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Date: 19 February 1918


Found on Chinaman Charged With Assault.

At Aberavon on Monday, Ah Quai, a Chinese seaman employed on a British ship, was charged with assaulting Arthur Duff, second mate, and F. Battensby, the chief officer of the ship, and also with disobeying the lawful commands of the two officers. He was also charged under the Merchant Shipping Act. There was a cross-summons for assault. Mr. Evan Gibson Davies represented the second mate and captain, and Mr. Lewis M. Thomas was for Ah Quai.

Inspector Hall said that when charged the defendant denied the assault, and said that the officers struck him.

Defendant, in the box, denied the offence. He never gambled, but admitted in cross-examination that he had over £80 on him when arrested. This, he explained, was four years’ wages. The chief mate hit him with a knuckle-duster.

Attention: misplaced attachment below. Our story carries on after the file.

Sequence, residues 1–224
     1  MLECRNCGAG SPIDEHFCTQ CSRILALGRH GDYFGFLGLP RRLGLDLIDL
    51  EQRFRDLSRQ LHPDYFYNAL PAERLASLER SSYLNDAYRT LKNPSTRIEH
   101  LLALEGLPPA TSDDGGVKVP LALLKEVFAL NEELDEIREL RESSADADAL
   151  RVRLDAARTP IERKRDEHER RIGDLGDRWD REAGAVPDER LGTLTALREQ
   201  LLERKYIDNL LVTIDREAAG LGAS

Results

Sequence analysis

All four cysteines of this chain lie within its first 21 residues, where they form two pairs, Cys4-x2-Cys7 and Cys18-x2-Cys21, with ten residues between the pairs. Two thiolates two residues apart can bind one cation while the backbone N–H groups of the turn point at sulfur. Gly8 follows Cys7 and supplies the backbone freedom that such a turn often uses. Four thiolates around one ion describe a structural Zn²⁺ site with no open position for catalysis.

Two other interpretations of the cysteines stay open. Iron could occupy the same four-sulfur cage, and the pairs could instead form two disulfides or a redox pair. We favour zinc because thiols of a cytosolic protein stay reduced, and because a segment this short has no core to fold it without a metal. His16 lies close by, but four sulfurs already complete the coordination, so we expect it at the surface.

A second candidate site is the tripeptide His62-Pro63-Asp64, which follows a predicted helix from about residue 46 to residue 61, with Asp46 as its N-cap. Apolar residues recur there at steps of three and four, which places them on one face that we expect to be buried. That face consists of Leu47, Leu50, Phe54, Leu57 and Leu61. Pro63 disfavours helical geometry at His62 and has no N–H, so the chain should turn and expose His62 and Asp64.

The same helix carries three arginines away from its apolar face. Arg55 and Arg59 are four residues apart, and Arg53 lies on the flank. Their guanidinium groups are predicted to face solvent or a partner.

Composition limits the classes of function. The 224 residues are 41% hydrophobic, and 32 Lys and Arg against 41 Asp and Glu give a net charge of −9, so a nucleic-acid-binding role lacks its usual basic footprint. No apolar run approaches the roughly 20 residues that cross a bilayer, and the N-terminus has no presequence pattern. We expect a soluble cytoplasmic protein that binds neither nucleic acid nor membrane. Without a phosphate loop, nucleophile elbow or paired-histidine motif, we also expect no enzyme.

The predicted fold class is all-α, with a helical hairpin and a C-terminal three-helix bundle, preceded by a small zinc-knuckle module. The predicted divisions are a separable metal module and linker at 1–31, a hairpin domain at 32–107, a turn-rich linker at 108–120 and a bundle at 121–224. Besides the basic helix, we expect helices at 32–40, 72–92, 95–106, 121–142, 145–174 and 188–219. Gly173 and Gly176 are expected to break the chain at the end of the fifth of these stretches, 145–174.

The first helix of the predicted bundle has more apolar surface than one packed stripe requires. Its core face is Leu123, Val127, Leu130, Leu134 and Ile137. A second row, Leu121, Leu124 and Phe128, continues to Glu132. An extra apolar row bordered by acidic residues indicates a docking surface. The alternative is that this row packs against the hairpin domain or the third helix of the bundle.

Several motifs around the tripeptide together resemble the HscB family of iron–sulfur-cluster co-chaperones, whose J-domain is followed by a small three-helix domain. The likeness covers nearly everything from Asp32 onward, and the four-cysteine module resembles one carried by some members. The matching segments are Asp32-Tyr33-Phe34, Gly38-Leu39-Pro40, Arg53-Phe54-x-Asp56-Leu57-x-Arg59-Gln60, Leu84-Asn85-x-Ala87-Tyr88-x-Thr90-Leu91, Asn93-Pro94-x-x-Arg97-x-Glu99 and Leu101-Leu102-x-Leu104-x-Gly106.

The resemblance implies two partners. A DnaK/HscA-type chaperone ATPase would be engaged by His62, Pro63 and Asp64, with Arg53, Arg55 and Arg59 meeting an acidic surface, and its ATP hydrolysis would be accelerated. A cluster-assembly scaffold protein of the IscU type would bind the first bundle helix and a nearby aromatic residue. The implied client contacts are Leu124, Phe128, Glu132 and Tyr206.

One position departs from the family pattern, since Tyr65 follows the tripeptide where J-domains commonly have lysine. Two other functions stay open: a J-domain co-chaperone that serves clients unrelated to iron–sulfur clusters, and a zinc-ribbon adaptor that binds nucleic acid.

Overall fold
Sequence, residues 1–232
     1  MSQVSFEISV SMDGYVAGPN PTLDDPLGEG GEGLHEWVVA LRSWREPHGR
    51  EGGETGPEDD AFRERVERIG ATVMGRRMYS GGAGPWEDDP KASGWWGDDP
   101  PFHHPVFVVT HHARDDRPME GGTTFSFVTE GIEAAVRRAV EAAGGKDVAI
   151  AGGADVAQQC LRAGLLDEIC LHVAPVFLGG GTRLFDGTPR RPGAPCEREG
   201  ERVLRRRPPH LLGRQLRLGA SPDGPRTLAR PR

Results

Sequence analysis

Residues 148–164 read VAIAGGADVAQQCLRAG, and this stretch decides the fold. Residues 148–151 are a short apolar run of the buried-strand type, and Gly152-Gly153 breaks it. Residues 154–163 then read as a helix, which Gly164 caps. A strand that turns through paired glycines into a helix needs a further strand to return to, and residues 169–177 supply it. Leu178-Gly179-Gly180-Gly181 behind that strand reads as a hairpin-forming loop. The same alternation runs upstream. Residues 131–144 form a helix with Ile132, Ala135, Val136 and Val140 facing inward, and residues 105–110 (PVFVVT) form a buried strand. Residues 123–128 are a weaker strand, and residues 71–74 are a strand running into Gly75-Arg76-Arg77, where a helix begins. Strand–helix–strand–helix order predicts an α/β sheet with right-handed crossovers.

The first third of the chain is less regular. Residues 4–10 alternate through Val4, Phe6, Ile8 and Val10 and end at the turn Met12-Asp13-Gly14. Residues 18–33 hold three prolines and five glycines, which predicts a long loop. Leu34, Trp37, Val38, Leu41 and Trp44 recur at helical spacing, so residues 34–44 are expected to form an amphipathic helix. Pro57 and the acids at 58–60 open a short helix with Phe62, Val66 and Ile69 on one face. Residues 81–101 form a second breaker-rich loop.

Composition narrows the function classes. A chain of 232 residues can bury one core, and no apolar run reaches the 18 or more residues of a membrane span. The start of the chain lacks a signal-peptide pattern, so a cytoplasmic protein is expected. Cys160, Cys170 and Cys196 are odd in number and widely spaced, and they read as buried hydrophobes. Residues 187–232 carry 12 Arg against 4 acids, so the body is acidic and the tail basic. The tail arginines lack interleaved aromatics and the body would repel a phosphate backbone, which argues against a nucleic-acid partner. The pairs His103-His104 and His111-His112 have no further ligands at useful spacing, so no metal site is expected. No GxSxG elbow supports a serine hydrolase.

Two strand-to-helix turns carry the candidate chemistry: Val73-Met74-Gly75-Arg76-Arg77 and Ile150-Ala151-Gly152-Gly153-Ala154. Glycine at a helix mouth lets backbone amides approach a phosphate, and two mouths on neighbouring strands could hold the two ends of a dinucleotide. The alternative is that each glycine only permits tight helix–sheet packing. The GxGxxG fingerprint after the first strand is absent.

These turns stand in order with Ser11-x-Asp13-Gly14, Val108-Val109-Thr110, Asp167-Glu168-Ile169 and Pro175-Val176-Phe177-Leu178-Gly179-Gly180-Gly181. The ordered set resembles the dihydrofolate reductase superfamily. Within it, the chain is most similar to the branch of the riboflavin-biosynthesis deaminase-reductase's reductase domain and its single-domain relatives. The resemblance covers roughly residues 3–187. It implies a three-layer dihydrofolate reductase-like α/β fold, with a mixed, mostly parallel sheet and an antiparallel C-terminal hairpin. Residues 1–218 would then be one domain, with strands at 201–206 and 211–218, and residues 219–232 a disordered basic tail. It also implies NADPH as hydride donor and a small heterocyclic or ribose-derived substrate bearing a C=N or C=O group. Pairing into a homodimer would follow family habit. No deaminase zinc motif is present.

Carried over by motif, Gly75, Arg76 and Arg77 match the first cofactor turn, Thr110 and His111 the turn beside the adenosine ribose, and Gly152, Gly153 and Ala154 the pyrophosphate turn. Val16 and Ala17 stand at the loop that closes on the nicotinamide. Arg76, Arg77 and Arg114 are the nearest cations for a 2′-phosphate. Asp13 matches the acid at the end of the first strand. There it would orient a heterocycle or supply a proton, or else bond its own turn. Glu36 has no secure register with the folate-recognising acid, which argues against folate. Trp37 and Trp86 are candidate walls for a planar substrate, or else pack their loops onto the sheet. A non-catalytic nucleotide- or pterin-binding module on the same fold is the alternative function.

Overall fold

The defendant was fined £ 10, and the cross summons dismissed.

'Four Years' Wages.' The Cambria Daily Leader. 19 Feb. 1918. 2.

This 1918 newspaper clipping includes the word ‘Chinaman’ in its title. The term ‘Chinaman’ is an archaic 18th/19th century term for Chinese people, which is widely considered derogatory today although some Asian Americans self-identify with the term. As a result of two Opium Wars, where the British colonial powers were strategically smuggling opium from their South Asian colonies into Chinese ports against the wishes of the Chinese government in the mid-nineteenth century, Britain and France forced the Qing government to authorise a massive exodus of Chinese labourers to western countries and their colonies to replace enslaved Africans. This was the beginning of the dispersion of the Chinese across the world – from Southeast Asia to America, Africa, Europe, and Australia. These Chinese immigrants were paid poorly and were made to work in risky and unsafe conditions, whilst they were subjected to other racial abuses. The idiom “A Chinaman’s chance in hell” refers to how Chinese American labourers were given the most dangerous jobs in the Central Pacific Railroad. It was in this context that the term ‘Chinaman’ was used in a derogatory way to dehumanise Chinese people based on their ethnicity.

Updated: September 2023. Reference source: Inclusive Terminology Glossary, 1.6. Empires and Imperialism:


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